The most reliable and oldest meteorological data in Cobb dates back to 1960, said Sid King, a forecaster with the National Weather Service.
That's how far back reports have been coming from volunteers at Dobbins Air Reserve Base.
These aren't the quality-controlled numbers from the federal weather agency, King said, but it's the best they have.
Between the meteorological data and newspaper archives, you can get a feel of those bone-chilling records:
1.2 degrees on Jan. 17, 1977
"This weather is killing batteries left right," Pepper Roberts, a salesman at automotive department of the J.C. Penney in Cumberland Mall, said at the time.
Battery sales were up 300 percent.
Factories and schools throughout metro Atlanta closed after pleas from natural gas suppliers. There wasn't enough gas to heat everyone and everything.
Gov. George Busbee asked all Georgians to reduce their thermostats by three degrees.
-0.6 degrees on Dec. 13, 1962
Two days after that record temperature was recorded, The Atlanta Constitution published a story saying 25 people statewide had been killed in weather-related incidents.
Most of the deaths were caused by fires. Cars failed all over Georgia, causing numerous traffic tie-ups and wrecks.
At the time, it was the "bitterest cold wave ever to strike Georgia in December," The Atlanta Constitution wrote.
Cracked pipes and folks without water for days was the norm in metro Atlanta.
-2.6 degrees on Jan. 30, 1966
Two Marietta boys, ages 5 and 7, went out to play and went missing that day.
A search party of 75 people battled subfreezing temperatures for six hours to find the boys. They found them 2½ miles from their home.
They were rushed to Kennestone Hospital as a precaution. By the time they were found at 4 p.m., the temperature was 25 degrees and rapidly dropping.
The day after the record, there were 30 to 40 Dallas homes reported without natural gas for a few hours.
"The shortage was caused by unprecedented demand on our system," Tom Lee, the manager of the city's gas company told The Atlanta Constitution.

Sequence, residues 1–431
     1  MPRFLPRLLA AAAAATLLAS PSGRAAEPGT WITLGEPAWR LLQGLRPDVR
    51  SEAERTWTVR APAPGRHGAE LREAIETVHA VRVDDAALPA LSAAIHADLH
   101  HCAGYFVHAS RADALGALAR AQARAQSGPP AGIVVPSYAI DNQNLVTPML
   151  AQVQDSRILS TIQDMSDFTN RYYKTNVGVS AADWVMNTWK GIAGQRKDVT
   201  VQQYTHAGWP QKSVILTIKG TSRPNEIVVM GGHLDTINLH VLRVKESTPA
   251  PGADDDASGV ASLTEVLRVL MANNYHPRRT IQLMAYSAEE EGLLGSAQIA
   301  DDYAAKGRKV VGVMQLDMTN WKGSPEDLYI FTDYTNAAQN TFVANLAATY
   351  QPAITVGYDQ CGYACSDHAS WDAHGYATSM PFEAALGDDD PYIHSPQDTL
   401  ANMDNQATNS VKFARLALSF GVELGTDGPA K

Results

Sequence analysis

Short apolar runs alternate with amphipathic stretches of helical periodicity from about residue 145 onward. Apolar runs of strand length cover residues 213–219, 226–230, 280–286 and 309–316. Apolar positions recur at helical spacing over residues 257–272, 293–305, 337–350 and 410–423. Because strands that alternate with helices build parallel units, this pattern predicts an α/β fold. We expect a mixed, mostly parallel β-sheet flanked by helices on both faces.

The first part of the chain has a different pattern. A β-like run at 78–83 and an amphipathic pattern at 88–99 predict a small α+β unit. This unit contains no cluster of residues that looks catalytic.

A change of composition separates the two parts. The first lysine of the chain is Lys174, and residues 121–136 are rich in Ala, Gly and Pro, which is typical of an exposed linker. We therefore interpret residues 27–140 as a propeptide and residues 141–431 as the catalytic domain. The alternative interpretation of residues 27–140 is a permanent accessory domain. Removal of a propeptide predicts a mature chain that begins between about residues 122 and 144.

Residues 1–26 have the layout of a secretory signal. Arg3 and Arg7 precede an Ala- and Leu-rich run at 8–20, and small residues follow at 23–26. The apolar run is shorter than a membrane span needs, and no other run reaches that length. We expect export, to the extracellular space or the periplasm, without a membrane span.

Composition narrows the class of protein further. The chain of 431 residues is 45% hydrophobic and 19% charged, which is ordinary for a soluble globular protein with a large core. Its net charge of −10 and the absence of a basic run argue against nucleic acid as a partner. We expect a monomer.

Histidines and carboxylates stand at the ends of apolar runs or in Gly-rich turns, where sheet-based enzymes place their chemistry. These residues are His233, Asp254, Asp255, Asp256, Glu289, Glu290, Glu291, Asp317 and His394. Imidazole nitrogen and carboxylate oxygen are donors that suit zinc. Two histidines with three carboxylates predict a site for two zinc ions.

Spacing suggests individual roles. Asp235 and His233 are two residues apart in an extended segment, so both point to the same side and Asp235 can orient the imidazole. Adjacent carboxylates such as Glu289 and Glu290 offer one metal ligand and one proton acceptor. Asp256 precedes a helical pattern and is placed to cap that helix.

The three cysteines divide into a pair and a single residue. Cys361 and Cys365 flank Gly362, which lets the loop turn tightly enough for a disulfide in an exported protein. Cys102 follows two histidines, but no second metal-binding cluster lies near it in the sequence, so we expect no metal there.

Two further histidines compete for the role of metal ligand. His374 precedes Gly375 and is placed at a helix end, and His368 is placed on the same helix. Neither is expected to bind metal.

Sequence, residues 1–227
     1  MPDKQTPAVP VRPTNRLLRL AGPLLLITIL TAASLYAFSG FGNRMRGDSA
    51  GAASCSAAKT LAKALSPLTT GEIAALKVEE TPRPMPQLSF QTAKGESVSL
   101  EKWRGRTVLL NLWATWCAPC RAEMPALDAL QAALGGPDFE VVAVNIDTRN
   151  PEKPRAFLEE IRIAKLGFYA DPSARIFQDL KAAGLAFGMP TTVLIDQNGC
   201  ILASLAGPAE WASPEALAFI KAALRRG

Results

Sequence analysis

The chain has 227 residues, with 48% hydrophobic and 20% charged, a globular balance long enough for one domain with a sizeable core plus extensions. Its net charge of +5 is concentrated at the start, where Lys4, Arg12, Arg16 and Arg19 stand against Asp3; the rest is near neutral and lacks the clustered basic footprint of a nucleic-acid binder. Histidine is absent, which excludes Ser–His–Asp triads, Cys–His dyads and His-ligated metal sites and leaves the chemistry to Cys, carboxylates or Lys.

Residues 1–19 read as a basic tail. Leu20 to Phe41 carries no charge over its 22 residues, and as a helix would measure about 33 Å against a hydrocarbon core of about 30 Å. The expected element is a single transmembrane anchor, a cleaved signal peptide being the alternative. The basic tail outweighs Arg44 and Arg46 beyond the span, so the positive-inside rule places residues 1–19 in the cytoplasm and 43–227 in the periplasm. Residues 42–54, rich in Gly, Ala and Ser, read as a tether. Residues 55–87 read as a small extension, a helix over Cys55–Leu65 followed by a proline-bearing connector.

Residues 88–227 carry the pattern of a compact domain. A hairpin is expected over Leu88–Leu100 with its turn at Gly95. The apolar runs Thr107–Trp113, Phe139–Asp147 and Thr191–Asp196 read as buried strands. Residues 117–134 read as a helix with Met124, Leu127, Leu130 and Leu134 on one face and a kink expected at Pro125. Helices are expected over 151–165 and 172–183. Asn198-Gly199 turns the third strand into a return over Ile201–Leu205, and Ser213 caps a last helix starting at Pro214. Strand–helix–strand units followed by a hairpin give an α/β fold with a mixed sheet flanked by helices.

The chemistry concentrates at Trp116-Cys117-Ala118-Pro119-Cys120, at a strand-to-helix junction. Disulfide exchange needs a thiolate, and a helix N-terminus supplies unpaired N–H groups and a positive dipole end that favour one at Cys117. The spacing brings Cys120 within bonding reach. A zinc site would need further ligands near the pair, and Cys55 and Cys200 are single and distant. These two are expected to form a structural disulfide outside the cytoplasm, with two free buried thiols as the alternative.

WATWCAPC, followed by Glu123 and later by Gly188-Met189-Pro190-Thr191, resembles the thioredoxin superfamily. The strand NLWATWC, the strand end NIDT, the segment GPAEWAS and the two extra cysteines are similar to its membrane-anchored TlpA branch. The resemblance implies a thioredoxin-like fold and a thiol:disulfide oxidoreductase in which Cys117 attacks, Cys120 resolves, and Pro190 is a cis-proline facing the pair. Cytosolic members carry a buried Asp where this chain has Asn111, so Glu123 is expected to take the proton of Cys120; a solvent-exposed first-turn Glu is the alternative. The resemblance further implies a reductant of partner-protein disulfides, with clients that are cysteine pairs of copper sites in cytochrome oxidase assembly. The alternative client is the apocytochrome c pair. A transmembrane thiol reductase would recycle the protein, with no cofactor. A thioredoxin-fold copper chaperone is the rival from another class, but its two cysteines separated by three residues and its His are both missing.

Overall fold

He said they "took precautionary steps to see that adequate gas pressure was maintained for two local hospitals and two local nursing homes."
An Austell gas company asked its residential and commercial customers to limit gas use.
Spokesman Art Latimer said "his company's system was not designed for weather under 10 degrees."
-2.7 degrees on Jan. 21, 1985
Like the mercury, crime was also low.
"Criminals are just like everyone else, apparently, they want to say out of bad weather, said Bob Hightower, Cobb's public safety commissioner.
He made another astute observation: "Not too many police agencies will have that many robberies or other major crimes. We will see an increase in assaults, however, if people are trapped in their houses for a few days."
A Cobb police lieutenant said there were six burglaries over the weekend leading into the Monday temperature record. That's about half of what they usually saw.
It seems people also weren't fishing.
Ice formed on Little River, which connects to Allatoona Lake, when the temperature reached 14 a fisherman told the newspaper.
The low in Anchorage, Alaska, about the same time was 27 degrees.
The owner at Mableton's Battery Warehouse & Supply Co. said he'd sold more than 300 car batteries that day.
The next day he sold 200.
He said he had to turn away people pounding at the doors.
-3.6 degrees on Jan. 24, 1963
The Atlanta Constitution called "Georgia's arctic winter storm" the "worst this century."
Four people died on icy roads in the state, the newspaper reported the day of the record.
Cobb's was the only school system in metro Atlanta that closed its schools the day after the record.
On Jan. 29, the newspaper ran a wire story with a headline of "167 Dead in U.S. As Arctic Wave Tightens Grip."
A 20-mile section of the Mississippi froze. Some cities saw more than a hundred inches of snow over a few days.
In case you were wondering, the lowest low in Atlanta's history was -9 on Feb. 13, 1899.